I've published a web app to capture the top analytics industry trends.
You can use it to explore and visualise 100s among the fastest growing trends, based on search interest over time on Google.
So, why use search data for an app of this type?
-Consumer behaviour is evolving fast during these times.
-Tracking and analysing it though is becoming more complicated with all the new privacy constraints.
-Search data is an alternative data source for marketers, which can shed light on what's inside the searchers' minds collectively and not as individuals.
This version of the app focuses on the analytics space, but this type of analysis is applicable to any other market, service or product.
Search Data, Trends & Analytics: Catching the Pulse of a Market and its Consumers (no cookies required)
The benefits of search data go beyond SEO-focused keyword research. It is a valuable resource for both market and product research, too. In fact, it can even be integrated into all research types and intelligence analyses where listening to and decoding the consumer’s voice plays an important role.
I’ll explain how this is possible through an example focused on the analytics industry.
I will also discuss 6 reasons why search data can be used as a key source of insight at the strategy level.
This research was inspired by Krista Seiden’s 2020 talk at Xoogler.co on key trends in the analytics industry with a particular focus on the various technology stacks. Krista didn’t use search data, instead her talk was based on data she had collected by conducting her own research. She surveyed a large sample of individuals who work in the analytics industry.
Understanding these trends is part of my work as a consultant, so I have a natural interest in them. Given my work in the analytics industry and my interest in exploring what’s next in this space, I felt inclined to contribute to this line of work by following a similarly data-driven approach.
Why Search Data
It would have been practically impossible for me to reach the number of analytics professionals Krista had in her study, so I decided instead to use publicly available search data and see if any noteworthy trends would emerge.
At that point in time I was actually already thinking about the potential benefit of this type of analysis — but for a different reason. Covid-19 was at its peak, and it was becoming obvious that the pandemic was strongly impacting consumer behaviour. Finding ways to look closer at how consumers search for products online and which new search patterns are emerging could offer useful insights.
Moreover with increasing barriers in the tracking of user behaviour, any additional data sources that echo the consumer's voice, become highly useful. I hypothesised that search data could also provide another complementary angle to the original analytics trends research.
So, I set out to collect search query lists and analyse keyword search volumes.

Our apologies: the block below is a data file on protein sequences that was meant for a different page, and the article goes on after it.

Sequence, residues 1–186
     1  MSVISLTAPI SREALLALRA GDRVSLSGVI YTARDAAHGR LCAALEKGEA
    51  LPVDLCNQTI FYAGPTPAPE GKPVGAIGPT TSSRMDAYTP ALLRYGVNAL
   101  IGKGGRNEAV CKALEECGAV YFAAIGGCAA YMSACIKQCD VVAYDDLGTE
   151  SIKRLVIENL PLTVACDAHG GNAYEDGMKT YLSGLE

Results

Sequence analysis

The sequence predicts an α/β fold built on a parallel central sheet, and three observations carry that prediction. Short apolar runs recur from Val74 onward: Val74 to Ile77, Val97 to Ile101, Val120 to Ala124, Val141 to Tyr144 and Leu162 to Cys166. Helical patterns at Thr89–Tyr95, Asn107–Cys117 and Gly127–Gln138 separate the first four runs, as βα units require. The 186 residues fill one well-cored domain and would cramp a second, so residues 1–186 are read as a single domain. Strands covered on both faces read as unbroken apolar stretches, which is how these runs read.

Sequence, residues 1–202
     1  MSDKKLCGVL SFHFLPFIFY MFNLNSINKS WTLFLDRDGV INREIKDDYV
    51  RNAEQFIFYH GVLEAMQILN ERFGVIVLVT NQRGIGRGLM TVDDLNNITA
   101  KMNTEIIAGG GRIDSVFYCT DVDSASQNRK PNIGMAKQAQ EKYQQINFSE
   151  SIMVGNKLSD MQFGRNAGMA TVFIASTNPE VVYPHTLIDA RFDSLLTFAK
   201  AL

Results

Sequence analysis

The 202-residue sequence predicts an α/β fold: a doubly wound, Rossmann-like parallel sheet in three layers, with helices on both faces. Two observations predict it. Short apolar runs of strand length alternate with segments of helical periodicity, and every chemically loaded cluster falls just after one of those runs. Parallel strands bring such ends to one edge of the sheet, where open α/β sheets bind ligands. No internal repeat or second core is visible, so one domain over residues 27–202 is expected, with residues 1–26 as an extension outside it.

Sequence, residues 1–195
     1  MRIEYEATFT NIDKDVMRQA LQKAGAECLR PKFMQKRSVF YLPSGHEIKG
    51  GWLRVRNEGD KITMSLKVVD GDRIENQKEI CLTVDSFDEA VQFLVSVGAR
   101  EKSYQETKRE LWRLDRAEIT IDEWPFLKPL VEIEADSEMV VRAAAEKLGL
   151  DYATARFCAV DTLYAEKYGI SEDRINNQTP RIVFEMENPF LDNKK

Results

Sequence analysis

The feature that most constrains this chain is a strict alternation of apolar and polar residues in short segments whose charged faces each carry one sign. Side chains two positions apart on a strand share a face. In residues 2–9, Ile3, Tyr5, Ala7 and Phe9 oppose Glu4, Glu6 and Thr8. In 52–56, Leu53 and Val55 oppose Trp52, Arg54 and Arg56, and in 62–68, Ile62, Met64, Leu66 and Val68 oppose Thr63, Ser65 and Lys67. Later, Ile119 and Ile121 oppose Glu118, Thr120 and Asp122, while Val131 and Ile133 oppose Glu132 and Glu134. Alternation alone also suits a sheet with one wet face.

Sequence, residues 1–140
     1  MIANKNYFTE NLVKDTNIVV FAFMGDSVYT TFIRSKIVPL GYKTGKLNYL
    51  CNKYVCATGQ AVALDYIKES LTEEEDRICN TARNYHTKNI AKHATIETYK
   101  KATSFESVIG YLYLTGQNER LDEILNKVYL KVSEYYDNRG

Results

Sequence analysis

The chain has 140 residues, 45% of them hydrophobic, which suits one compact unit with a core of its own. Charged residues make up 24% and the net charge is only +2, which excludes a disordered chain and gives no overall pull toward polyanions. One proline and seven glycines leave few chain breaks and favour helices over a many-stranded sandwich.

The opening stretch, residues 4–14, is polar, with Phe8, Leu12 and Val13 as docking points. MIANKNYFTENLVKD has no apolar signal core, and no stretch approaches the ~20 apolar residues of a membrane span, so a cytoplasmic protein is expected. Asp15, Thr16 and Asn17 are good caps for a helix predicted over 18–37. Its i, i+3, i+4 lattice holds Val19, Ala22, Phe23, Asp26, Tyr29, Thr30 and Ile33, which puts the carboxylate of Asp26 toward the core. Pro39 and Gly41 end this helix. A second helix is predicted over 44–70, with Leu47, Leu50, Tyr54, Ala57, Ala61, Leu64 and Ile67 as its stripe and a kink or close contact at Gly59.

The Analytics Trends Research
I created and data-mined a keyword universe for Analytics, looking for the fastest-growing trends.
The method deployed was as follows.
3 Trends in the Analytics Industry Based on Search Data
A number of noteworthy findings naturally emerged from this analysis, which gives a good indication of the insights that search analysis can produce.
I will briefly discuss three of them below.
If you are interested in exploring the trends yourself, check out the web app
1. Fastest-rising analytics tech and vendors
These are the fastest-growing analytics tools, technology and vendors in mainstream analytics tech. Some of the tools, like Einstein and Spotify analytics, have grown in very consistent ways over the course of the last four years.
Others, like Google Analytics 4, follow a hockey stick curve. It’s often worth looking at the causes of the specific search behaviour for the various topics — in Google Analytics 4, for example, the surge in search interest was the result of a new product announcement. On the other hand, Fishtown Analytics (another term with close-to-meteoric rise) released a popular open-source tool that contributed to its rapid growth.
2. Rising stars in analytics
It’s easy to keep the focus only on the terms and topics that have the largest volumes of traffic. However, valuable insights can be found anywhere within the keyword universe. A number of analytics software vendors — in some cases, we could think of them as niche players — have grown very consistently, even though some literally started from zero.
An interesting insight is that three out of the six vendors in the graph belong to the category of ‘privacy-first’ analytics, which seems to be a reaction to all the privacy legislation and discussions that followed over the course of the last few years. It is a strong signal that the new privacy landscape can create significant opportunities for new players in the analytics space.